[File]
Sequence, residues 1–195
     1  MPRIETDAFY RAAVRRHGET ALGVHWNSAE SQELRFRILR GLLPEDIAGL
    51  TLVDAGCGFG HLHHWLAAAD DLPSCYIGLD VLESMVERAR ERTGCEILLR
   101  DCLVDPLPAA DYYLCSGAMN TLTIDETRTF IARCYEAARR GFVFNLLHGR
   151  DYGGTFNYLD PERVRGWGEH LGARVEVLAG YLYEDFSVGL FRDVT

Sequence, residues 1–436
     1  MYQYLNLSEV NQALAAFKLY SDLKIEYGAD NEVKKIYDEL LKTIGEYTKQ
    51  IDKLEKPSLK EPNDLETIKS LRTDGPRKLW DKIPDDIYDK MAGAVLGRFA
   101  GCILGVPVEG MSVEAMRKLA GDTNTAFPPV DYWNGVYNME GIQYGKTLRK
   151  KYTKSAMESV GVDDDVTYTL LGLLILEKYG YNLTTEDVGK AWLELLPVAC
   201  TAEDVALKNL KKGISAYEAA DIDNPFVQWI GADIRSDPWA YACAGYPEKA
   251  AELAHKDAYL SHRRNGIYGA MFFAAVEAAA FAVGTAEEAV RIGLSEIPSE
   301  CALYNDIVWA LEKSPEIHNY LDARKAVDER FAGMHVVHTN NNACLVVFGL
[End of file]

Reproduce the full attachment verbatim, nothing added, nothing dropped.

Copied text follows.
Sequence, residues 1–195
     1  MPRIETDAFY RAAVRRHGET ALGVHWNSAE SQELRFRILR GLLPEDIAGL
    51  TLVDAGCGFG HLHHWLAAAD DLPSCYIGLD VLESMVERAR ERTGCEILLR
   101  DCLVDPLPAA DYYLCSGAMN TLTIDETRTF IARCYEAARR GFVFNLLHGR
   151  DYGGTFNYLD PERVRGWGEH LGARVEVLAG YLYEDFSVGL FRDVT

Sequence, residues 1–436
     1  MYQYLNLSEV NQALAAFKLY SDLKIEYGAD NEVKKIYDEL LKTIGEYTKQ
    51  IDKLEKPSLK EPNDLETIKS LRTDGPRKLW DKIPDDIYDK MAGAVLGRFA
   101  GCILGVPVEG MSVEAMRKLA GDTNTAFPPV DYWNGVYNME GIQYGKTLRK
   151  KYTKSAMESV GVDDDVTYTL LGLLILEKYG YNLTTEDVGK AWLELLPVAC
   201  TAEDVALKNL KKGISAYEAA DIDNPFVQWI GADIRSDPWA YACAGYPEKA
   251  AELAHKDAYL SHRRNGIYGA MFFAAVEAAA FAVGTAEEAV RIGLSEIPSE
   301  CALYNDIVWA LEKSPEIHNY LDARKAVDER FAGMHVVHTN NNACLVVFGL